Ten years later, according to the 2019 environmental report by the International Civil Aviation Organisation (ICAO), in 2015 the international aviation consumed approximately 160 metric tonnes of fuel which resulted in 506 metric tonnes of carbon dioxide emissions.(6) While this may point to a decrease in carbon dioxide emissions as compared with 2008 (when the carbon footprint was 670 million tonnes),(7) considering the period of time that has lapsed, a mere difference of approximately 164 metric tonnes may not seem like a win. At this juncture, the million-dollar question to be asked is whether the aviation industry is on track to realise the IATA's objective.
The Air Transport Action Group's September 2020 Waypoint 2050 report, which took into consideration the current COVID-19 pandemic, seemed evasive in its conclusion on whether the aviation industry has been on track in its realisation of the objective but does point out a few improvements made over the years, including that aviation fuel is now "remarkably efficient" in relation to technological and operation efficiency as compared with the 1950s.(8)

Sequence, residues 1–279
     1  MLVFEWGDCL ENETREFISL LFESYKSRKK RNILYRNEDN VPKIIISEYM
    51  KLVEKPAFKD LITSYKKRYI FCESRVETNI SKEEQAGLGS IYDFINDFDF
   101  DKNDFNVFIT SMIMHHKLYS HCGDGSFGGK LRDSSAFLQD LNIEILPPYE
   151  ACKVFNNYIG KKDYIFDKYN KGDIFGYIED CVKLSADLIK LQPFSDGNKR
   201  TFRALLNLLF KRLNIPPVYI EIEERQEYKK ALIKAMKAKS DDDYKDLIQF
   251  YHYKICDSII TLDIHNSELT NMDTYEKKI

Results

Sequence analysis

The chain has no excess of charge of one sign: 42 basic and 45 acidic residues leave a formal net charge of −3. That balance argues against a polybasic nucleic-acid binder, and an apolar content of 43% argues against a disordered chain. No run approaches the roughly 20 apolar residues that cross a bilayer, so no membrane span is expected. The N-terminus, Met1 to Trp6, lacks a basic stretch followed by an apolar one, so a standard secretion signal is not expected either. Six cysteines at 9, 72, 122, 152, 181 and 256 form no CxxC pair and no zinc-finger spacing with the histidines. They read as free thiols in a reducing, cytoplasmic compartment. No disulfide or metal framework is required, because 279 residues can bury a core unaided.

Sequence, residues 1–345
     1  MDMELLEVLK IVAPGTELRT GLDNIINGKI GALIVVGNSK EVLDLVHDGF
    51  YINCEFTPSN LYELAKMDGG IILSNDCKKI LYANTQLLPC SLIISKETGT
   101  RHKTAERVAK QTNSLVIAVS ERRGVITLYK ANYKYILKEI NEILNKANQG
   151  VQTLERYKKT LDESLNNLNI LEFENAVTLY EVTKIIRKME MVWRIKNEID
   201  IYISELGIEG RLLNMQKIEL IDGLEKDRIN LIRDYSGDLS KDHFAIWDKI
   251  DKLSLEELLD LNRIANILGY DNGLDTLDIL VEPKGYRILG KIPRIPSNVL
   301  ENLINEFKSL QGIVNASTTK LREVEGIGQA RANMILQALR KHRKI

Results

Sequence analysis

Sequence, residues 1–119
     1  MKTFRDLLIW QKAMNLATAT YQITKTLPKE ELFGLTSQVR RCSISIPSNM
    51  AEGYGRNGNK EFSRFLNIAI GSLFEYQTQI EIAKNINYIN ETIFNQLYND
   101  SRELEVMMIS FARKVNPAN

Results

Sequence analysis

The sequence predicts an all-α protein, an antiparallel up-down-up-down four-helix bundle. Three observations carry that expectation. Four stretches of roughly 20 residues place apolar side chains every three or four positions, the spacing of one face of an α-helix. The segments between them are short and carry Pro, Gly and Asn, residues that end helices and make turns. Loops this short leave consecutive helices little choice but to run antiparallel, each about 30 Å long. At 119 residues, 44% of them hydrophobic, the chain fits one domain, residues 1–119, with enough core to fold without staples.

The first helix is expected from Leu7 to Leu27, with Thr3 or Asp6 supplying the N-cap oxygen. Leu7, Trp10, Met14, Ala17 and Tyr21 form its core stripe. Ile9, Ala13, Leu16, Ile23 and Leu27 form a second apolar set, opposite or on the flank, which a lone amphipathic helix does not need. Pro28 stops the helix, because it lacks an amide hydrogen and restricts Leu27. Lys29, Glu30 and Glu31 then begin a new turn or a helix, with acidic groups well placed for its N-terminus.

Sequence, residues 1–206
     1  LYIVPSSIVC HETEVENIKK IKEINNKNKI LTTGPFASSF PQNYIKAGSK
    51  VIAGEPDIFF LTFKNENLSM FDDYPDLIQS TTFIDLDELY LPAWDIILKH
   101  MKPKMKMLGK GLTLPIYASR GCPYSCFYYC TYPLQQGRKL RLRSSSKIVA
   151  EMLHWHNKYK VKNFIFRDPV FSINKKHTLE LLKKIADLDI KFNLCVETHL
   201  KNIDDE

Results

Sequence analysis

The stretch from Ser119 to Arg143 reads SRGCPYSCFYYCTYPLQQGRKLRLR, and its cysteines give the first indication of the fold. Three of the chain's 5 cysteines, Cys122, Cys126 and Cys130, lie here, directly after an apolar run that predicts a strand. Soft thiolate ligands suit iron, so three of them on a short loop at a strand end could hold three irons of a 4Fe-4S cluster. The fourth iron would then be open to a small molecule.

The report further points out that the post-COVID-19 revision of long-term growth suggests that the central traffic forecast used for Waypoint 2050 is around 16% lower in 2050 than it was in a pre-COVID-19 world, owing largely to the industry's slow recovery from the pandemic.(9) This may suggest that the aviation industry could fall behind in realising its objective.
Moving forward, the report sets out efforts to foster a clean energy transition push across governments, including the deployment of sustainable aviation fuel (SAF), which can include attracting capital to expand SAF capacity through loan guarantee programmes, direct research and development activities for local SAF production pathways and new energy industries.(10)